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came upon natives from whom he might gain information as

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The atrocities of this villain, aptly termed by the late governor of Quillimane a "notorious robber and murderer," became at length intolerable. All the Portuguese spoke of him as a rare monster of inhumanity. It is unaccountable why half-castes, such as he, are so much more cruel than the Portuguese, but such is undoubtedly the case.

came upon natives from whom he might gain information as

It was asserted that one of his favourite modes of creating an impression in the country, and making his name dreaded, was to spear his captives with his own hands. On one occasion he is reported to have thus killed forty poor wretches placed in a row before him. We did not at first credit these statements, and thought that they were merely exaggerations of the incensed Portuguese, who naturally enough were exasperated with him for stopping their trade, and harbouring their runaway slaves; but we learned afterwards from the natives, that the accounts given us by the Portuguese had not exceeded the truth; and that Mariano was quite as great a ruffian as they had described him. One expects slave-owners to treat their human chattels as well as men do other animals of value, but the slave- trade seems always to engender an unreasoning ferocity, if not blood- thirstiness.

came upon natives from whom he might gain information as

War was declared against Mariano, and a force sent to take him; he resisted for a time; but seeing that he was likely to get the worst of it, and knowing that the Portuguese governors have small salaries, and are therefore "disposed to be reasonable," he went down to Quillimane to "arrange" with the Governor, as it is termed here; but Colonel da Silva put him in prison, and then sent him for trial to Mozambique. When we came into the country, his people were fighting under his brother Bonga. The war had lasted six months and stopped all trade on the river during that period. On the 15th June we first came into contact with the "rebels." They appeared as a crowd of well-armed and fantastically-dressed people under the trees at Mazaro. On explaining that we were English, some at once came on board and called to those on shore to lay aside their arms. On landing among them we saw that many had the branded marks of slaves on their chests, but they warmly approved our objects, and knew well the distinctive character of our nation on the slave question. The shout at our departure contrasted strongly with the suspicious questioning on our approach. Hence-forward we were recognized as friends by both parties.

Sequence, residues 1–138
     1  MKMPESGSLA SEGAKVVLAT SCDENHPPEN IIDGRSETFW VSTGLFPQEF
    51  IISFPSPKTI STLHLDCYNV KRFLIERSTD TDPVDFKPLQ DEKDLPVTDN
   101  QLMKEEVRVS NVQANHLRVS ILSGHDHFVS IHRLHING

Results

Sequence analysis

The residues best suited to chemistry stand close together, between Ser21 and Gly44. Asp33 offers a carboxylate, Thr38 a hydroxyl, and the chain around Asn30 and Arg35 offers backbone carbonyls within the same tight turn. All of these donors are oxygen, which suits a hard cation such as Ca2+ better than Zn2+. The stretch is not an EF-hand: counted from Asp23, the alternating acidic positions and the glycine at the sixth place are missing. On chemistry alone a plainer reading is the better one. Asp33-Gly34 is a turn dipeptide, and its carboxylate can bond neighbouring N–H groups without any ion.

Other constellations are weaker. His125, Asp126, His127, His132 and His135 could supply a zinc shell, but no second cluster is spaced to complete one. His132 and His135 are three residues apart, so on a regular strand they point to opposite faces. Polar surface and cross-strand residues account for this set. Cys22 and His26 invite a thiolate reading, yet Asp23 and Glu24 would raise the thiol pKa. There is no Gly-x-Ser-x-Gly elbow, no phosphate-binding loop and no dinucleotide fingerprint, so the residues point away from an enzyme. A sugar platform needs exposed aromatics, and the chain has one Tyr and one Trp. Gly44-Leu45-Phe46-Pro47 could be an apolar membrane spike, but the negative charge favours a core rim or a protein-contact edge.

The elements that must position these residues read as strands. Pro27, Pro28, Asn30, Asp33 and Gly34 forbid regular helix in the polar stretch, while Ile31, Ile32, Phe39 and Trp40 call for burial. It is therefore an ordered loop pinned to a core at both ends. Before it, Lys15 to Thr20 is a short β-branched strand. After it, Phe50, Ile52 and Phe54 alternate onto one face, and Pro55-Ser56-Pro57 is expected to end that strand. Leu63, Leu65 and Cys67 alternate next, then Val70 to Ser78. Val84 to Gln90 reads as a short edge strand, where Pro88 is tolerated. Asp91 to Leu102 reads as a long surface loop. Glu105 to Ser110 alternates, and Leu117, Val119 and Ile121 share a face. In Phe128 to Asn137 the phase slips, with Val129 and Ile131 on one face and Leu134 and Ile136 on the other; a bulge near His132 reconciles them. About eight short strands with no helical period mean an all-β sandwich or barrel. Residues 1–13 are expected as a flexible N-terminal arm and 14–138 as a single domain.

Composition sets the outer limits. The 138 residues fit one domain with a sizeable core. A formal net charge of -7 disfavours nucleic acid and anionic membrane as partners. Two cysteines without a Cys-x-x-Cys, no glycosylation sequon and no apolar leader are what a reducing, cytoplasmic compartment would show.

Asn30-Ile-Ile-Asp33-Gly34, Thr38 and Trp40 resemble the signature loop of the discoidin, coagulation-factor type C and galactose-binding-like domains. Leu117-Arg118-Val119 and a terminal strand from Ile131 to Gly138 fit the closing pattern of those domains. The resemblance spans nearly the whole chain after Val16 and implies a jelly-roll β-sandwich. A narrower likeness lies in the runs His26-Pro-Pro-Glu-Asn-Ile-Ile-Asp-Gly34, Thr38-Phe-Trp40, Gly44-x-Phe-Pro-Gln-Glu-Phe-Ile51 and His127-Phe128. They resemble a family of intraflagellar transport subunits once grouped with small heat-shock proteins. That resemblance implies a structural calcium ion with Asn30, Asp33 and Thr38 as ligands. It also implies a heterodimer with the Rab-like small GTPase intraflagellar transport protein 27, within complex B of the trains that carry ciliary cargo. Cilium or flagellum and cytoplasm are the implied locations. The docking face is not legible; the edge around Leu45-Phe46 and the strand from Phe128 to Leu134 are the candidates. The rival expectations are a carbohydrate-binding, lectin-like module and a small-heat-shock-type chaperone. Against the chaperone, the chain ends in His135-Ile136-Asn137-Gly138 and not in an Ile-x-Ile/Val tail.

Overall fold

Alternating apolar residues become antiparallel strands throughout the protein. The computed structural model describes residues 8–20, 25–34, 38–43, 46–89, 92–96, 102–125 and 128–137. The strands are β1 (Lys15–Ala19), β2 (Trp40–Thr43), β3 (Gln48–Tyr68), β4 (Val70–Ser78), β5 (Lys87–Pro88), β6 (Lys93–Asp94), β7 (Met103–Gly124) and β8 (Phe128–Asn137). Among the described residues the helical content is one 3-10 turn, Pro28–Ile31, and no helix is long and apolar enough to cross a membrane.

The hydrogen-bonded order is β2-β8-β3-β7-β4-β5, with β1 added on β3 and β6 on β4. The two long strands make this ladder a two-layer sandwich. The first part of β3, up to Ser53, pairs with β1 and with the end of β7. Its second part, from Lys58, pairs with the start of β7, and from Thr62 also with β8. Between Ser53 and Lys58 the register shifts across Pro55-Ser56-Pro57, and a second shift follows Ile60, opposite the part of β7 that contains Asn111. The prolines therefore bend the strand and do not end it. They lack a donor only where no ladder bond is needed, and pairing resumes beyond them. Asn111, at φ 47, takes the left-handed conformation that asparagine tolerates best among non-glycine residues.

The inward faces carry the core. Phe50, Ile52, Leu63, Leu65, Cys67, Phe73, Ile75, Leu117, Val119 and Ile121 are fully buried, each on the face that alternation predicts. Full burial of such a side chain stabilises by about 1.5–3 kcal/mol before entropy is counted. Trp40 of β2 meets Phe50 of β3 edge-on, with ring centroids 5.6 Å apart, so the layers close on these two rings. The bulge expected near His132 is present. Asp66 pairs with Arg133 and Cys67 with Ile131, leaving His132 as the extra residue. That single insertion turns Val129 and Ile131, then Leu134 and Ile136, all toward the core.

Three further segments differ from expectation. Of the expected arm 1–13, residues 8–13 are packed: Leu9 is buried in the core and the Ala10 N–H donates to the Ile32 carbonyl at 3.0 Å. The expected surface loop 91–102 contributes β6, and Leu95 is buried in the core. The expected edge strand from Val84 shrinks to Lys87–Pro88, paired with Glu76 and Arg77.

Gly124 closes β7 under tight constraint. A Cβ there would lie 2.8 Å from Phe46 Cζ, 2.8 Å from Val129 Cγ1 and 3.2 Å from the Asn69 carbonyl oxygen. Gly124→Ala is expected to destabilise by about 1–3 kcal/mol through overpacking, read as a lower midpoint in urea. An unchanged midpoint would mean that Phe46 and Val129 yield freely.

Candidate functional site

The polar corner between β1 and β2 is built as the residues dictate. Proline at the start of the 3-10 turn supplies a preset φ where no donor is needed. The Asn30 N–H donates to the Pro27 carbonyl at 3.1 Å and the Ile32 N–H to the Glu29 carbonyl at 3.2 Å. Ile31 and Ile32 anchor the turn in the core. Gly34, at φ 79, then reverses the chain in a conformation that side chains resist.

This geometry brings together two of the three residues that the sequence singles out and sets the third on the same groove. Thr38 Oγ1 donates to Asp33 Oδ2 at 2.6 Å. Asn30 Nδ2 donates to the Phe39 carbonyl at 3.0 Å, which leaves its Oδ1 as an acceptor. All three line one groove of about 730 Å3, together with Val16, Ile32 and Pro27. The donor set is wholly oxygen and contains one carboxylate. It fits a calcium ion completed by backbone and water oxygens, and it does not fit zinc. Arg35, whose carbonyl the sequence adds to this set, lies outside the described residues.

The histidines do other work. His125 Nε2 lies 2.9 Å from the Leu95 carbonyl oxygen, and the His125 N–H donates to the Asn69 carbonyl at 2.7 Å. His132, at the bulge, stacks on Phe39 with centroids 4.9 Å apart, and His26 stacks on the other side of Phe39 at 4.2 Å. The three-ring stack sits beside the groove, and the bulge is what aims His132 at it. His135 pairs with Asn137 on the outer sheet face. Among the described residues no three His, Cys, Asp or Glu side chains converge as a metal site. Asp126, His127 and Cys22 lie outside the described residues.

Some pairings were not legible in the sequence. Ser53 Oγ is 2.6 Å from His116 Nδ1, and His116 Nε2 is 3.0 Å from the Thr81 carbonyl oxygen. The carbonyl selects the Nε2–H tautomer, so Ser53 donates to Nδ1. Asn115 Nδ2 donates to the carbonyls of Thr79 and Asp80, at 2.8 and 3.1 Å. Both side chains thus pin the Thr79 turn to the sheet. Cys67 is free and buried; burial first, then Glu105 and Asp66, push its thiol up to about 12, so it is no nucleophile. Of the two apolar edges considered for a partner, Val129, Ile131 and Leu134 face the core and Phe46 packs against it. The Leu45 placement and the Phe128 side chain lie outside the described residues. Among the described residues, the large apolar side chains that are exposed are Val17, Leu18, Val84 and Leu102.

came upon natives from whom he might gain information as

At a later period we were taking in wood within a mile of the scene of action, but a dense fog prevented our hearing the noise of a battle at Mazaro; and on arriving there, immediately after, many natives and Portuguese appeared on the bank.

Dr. Livingstone, landing to salute some of his old friends among the latter, found himself in the sickening smell, and among the mutilated bodies of the slain; he was requested to take the Governor, who was very ill of fever, across to Shupanga, and just as he gave his assent, the rebels renewed the fight, and the balls began to whistle about in all directions. After trying in vain to get some one to assist the Governor down to the steamer, and unwilling to leave him in such danger, as the officer sent to bring our Kroomen did not appear, he went into the hut, and dragged along his Excellency to the ship. He was a very tall man, and as he swayed hither and thither from weakness, weighing down Dr. Livingstone, it must have appeared like one drunken man helping another. Some of the Portuguese white soldiers stood fighting with great bravery against the enemy in front, while a few were coolly shooting at their own slaves for fleeing into the river behind. The rebels soon retired, and the Portuguese escaped to a sandbank in the Zambesi, and thence to an island opposite Shupanga, where they lay for some weeks, looking at the rebels on the mainland opposite. This state of inactivity on the part of the Portuguese could not well be helped, as they had expended all their ammunition and were waiting anxiously for supplies; hoping, no doubt sincerely, that the enemy might not hear that their powder had failed. Luckily their hopes were not disappointed; the rebels waited until a supply came, and were then repulsed after three-and-a- half hours' hard fighting. Two months afterwards Mariano's stockade was burned, the garrison having fled in a panic; and as Bonga declared that he did not wish to fight with this Governor, with whom he had no quarrel, the war soon came to an end. His Excellency meanwhile, being a disciple of Raspail, had taken nothing for the fever but a little camphor, and after he was taken to Shupanga became comatose. More potent remedies were administered to him, to his intense disgust, and he soon recovered. The Colonel in attendance, whom he never afterwards forgave, encouraged the treatment. "Give what is right; never mind him; he is very (muito) impertinent:" and all night long, with every draught of water the Colonel gave a quantity of quinine: the consequence was, next morning the patient was cinchonized and better.